Updated Oct. 11 at 11am to reflect new information about Congregation Beth Ami:
As wildfires continue to rip through the North Bay, the Jewish community is reaching out to help those most affected by the devastation — including Jewish families who have been evacuated, some of whom have lost their homes.
Multiple fires are actively burning through Wine Country. So far, there are 11 confirmed deaths, dozens of injuries and more than 1,500 homes destroyed, SF Gate reports.
Rabbi Mendel Wolvovsky of Chabad of Sonoma has been fielding calls from members of his community and, with his wife Altie, has been visiting those affected, and making the rounds of nearby shelters that are housing people displaced by the blaze, handing out home-cooked meals.
“There are people in our community who have lost their homes, who have lost everything they have,” he told J. “We have been visiting with them, comforting them, seeing what they need, making sure everyone has proper housing.”
“A lot of Jews live in the Fountaingrove neighborhood,” he said, referring to an area of Santa Rosa that has been heavily damaged.
Several Sonoma and Napa congregations are holding special services this week, opportunities for shaken communities to come together and comfort each other.
Congregation Beth Ami in Santa Rosa is canceling its holiday services for the rest of the week, and received notice Oct. 10 that the building must be evacuated. At least four member families have lost their homes in the fires, according to an email sent out to the community on Oct. 9.
The B’nai Israel Jewish Center in Petaluma is holding a joint Simchat Torah celebration tomorrow night at 6:30 p.m. together with Congregation Ner Shalom of Cotati. In an email sent out to the general community, Rabbi Ted Feldman of B’nai Israel noted that several Ner Shalom families have taken shelter in their synagogue, not knowing whether their homes are still standing.
“This is a good time to bring our communities together to celebrate Simchat Torah and express our yearnings for healing in these difficult moments,” he wrote. “Even if Simchat Torah has not been on your agenda, I would propose your participation as an opportunity to help find each other’s strength as our community members struggle.”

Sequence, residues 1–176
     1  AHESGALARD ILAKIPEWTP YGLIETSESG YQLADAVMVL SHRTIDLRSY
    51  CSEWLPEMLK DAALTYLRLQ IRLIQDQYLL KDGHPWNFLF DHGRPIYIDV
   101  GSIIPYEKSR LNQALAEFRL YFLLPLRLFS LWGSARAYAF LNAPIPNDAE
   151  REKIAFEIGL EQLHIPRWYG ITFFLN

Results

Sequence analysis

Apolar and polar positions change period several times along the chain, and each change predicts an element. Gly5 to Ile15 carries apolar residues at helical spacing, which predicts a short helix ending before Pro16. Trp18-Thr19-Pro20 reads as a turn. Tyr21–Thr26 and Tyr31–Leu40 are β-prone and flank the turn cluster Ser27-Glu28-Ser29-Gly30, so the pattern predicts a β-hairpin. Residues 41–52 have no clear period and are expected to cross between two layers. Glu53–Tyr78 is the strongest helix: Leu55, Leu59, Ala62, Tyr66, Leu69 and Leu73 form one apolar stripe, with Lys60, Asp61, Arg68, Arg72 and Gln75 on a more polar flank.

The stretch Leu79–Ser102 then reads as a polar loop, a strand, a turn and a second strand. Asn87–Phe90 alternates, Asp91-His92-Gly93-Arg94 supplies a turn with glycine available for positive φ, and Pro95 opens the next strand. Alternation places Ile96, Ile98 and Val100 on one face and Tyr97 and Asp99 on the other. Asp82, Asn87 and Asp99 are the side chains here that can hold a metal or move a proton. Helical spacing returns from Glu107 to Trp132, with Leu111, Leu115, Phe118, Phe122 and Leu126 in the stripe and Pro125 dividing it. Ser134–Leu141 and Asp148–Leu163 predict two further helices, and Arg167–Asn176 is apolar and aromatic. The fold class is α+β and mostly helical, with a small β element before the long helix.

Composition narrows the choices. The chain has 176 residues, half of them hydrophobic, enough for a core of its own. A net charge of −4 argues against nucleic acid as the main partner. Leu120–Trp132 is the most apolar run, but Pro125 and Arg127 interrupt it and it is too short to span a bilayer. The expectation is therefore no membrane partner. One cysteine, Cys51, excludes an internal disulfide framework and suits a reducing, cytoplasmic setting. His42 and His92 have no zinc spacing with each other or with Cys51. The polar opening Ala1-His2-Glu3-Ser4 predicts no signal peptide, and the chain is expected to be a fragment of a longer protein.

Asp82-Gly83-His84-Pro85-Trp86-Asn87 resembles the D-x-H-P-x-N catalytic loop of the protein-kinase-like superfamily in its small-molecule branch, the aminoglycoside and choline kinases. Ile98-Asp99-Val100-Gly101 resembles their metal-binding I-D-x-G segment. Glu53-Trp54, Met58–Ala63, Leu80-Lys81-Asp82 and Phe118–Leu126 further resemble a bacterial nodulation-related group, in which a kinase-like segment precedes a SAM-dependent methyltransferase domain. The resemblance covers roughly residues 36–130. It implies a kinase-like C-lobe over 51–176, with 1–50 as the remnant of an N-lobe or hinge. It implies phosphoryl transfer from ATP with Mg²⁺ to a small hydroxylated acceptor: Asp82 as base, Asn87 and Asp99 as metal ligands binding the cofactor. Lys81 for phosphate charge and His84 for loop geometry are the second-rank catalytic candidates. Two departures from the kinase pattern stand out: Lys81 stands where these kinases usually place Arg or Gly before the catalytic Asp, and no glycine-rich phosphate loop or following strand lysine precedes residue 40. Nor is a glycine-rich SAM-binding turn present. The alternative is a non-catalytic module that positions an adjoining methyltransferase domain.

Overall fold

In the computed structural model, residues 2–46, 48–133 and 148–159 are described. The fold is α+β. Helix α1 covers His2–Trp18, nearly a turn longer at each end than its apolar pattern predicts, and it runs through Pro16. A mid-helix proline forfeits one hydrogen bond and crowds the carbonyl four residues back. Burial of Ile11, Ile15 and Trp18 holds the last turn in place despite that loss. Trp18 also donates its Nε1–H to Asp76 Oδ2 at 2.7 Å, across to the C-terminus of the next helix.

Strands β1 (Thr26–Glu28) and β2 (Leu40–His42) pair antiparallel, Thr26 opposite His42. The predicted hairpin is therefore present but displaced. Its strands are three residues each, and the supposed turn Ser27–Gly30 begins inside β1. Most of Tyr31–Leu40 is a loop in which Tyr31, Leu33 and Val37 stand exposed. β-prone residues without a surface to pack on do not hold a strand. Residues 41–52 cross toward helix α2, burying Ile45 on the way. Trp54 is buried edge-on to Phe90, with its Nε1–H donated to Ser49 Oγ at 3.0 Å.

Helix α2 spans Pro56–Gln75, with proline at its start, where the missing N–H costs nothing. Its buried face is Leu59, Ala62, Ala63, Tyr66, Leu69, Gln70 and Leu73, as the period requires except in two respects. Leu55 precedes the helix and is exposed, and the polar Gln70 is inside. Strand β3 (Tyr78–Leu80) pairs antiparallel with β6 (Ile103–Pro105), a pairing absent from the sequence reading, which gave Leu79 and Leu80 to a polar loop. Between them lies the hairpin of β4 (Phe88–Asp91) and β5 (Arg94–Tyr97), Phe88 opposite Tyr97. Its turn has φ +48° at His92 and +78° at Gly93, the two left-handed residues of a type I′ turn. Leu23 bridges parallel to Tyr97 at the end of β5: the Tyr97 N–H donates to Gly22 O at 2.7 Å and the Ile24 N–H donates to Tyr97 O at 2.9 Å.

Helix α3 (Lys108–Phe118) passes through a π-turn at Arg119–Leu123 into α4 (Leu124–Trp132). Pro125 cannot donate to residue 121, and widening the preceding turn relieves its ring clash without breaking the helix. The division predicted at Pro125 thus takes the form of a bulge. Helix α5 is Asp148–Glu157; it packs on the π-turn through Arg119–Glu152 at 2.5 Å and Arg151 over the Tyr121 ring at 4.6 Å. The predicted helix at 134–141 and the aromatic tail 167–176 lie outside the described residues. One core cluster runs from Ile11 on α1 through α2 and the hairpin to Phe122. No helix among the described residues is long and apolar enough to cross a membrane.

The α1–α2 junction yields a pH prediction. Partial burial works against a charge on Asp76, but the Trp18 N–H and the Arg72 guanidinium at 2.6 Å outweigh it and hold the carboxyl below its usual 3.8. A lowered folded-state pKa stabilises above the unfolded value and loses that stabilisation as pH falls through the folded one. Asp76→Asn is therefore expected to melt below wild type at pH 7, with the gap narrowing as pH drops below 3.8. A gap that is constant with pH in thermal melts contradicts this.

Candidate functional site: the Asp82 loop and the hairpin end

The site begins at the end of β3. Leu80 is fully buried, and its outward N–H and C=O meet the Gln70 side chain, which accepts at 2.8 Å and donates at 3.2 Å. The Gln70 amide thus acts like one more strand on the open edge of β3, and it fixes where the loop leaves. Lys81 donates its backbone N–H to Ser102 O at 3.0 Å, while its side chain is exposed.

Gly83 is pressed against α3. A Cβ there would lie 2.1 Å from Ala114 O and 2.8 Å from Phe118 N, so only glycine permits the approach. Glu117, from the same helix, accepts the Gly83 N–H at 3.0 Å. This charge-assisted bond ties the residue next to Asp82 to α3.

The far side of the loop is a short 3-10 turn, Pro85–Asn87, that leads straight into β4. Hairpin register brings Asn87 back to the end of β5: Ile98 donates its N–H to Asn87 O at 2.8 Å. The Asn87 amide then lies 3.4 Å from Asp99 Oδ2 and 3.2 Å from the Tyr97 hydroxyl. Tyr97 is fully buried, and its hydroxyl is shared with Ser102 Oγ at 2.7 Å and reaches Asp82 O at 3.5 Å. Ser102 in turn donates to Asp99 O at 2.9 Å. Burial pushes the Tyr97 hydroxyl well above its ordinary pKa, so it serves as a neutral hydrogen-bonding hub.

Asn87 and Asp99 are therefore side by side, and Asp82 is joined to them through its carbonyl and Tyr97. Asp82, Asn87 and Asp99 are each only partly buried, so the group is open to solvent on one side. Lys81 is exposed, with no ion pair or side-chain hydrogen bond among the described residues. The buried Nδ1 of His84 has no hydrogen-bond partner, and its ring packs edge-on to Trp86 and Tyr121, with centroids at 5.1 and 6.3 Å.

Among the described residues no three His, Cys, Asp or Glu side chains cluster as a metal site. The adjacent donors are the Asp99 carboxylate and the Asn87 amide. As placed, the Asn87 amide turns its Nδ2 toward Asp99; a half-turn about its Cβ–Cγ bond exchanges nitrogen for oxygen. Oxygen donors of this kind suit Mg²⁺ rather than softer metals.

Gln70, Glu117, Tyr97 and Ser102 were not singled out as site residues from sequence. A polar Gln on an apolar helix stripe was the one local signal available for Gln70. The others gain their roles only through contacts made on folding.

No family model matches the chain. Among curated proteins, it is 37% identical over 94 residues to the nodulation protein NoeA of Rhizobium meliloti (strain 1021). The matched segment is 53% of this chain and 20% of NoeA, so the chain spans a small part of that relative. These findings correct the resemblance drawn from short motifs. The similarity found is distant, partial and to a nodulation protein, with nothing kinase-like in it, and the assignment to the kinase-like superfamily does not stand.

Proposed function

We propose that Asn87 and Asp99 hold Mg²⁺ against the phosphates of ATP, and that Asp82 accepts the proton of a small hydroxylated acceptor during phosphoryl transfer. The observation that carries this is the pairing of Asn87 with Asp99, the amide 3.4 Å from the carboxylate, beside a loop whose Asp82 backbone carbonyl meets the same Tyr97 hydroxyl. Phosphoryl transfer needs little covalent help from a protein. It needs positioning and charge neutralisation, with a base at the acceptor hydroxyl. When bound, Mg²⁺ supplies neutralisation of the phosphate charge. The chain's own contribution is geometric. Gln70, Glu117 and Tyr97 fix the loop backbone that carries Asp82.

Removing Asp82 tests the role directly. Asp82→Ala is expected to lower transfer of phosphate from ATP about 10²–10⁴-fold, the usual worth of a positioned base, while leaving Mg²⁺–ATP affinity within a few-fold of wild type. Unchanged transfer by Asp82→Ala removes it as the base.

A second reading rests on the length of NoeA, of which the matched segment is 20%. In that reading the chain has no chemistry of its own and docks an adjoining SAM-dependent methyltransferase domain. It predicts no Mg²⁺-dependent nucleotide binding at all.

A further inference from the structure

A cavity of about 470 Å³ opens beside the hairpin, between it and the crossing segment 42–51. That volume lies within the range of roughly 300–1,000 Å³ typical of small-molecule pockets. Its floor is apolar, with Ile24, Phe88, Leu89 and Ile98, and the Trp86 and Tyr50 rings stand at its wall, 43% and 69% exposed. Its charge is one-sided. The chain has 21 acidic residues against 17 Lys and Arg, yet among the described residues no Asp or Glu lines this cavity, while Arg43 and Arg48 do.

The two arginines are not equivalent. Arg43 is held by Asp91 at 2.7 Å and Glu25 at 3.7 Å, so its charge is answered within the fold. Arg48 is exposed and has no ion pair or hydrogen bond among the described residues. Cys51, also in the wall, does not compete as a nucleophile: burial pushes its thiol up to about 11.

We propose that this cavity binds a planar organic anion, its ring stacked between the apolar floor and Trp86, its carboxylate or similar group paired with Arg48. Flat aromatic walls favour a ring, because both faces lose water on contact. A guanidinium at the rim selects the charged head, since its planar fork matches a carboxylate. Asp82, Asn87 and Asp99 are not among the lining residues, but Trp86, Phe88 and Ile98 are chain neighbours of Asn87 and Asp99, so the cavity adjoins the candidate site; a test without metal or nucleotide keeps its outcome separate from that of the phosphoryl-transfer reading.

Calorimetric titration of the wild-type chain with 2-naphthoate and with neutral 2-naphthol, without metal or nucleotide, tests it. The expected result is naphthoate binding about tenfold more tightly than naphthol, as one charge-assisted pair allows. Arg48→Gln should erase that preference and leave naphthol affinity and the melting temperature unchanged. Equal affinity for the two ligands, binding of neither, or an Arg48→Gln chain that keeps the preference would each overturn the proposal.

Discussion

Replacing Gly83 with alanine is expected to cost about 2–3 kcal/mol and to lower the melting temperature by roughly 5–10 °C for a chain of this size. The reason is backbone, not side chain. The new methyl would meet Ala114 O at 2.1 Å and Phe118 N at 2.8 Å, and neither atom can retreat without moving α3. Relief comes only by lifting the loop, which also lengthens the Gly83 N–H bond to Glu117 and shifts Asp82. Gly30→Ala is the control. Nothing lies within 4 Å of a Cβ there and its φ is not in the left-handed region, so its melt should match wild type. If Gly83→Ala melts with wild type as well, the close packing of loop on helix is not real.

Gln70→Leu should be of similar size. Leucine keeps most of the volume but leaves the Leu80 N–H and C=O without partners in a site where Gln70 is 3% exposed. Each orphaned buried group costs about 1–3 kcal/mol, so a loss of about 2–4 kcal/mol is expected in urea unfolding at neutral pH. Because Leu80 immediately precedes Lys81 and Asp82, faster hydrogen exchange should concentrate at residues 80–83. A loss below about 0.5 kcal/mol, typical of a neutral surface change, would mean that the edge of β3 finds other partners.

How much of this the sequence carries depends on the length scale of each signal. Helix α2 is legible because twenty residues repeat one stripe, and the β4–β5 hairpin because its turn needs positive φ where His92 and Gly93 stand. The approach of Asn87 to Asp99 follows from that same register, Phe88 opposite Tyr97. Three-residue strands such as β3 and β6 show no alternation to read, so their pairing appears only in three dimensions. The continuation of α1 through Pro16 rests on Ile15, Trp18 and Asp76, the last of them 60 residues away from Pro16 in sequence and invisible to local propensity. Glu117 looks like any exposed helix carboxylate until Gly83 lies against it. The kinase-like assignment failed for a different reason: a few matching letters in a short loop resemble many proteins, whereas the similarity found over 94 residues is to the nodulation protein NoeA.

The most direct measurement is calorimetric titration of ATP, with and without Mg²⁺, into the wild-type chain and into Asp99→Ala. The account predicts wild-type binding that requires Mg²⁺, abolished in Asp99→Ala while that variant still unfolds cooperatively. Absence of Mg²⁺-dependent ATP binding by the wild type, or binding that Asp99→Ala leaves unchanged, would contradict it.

The Jewish institution most affected so far by the wildfires was the Reform movement’s Camp Newman in Santa Rosa, where most of the buildings were reported destroyed on Monday afternoon. Today the staff tried again to reach the property and assess the damage, but couldn’t get near enough to tell.
“We couldn’t get within five miles of the property,” said communications director Alaina Yoakum this afternoon. “The fires are still very active, and the roads are blocked.”
On Monday night, at the suggestion of a longtime camper, Newman staff held a “siyyum,” singing the Hashkivenu and Shema prayers, as they do at the end of each day at camp. They did it live on Facebook and Instagram, Yoakum reports, and as of this afternoon have received more than 560 comments on the Facebook video of the ceremony.
This Friday night, a number of congregations in the Bay Area and Los Angeles will be holding what they’re calling Camp Newman Pop-Up Shabbat services. Local participants include Temple Israel in Alameda, Congregation Beth Am in Los Altos Hills, Peninsula Temple Sholom in Burlingame and Peninsula Temple Beth El in San Mateo, as well as Rodef Sholom in San Rafael, where Camp Newman director Ruben Arquilevich is a member.
“We told the clergy we reached out to that it can be whatever they want it to be,” Yoakum said. “Many will sing Hashkivenu, which is about spreading a shelter of peace over us. I think that’s so beautiful, a temporary shelter of peace over the community.”
“It’s a testament to the love in our community, their willingness to come together to support and help one another. I’m sure camp music will be playing this Friday in all corners of the Bay Area.”
Updated Oct. 10 at 4 p.m.:
Rabbi Elchonon Tenenbaum, director of Chabad of Napa Valley, was awakened late Sunday night by high winds that blew down his sukkah. “That’s how we found out there was a fire,” he told J. on Oct. 10, noting that he and his wife watched the flames from their bedroom window before running to neighbors to alert them to the fire. “We watched it move. It spread so quickly. I’ve never seen anything like it.”
Tenenbaum has relocated his family temporarily to Oakland — their Napa home hasn’t been touched so far—and he is heading back to Napa County tonight to check up on his congregation.
“There’s no electricity or phone service,” he said, explaining why he has to go in person to make sure people are all right. “I’m also trying to help people get out of Napa. The smoke and ash are in all the houses. It’s not good for people to stay in that.”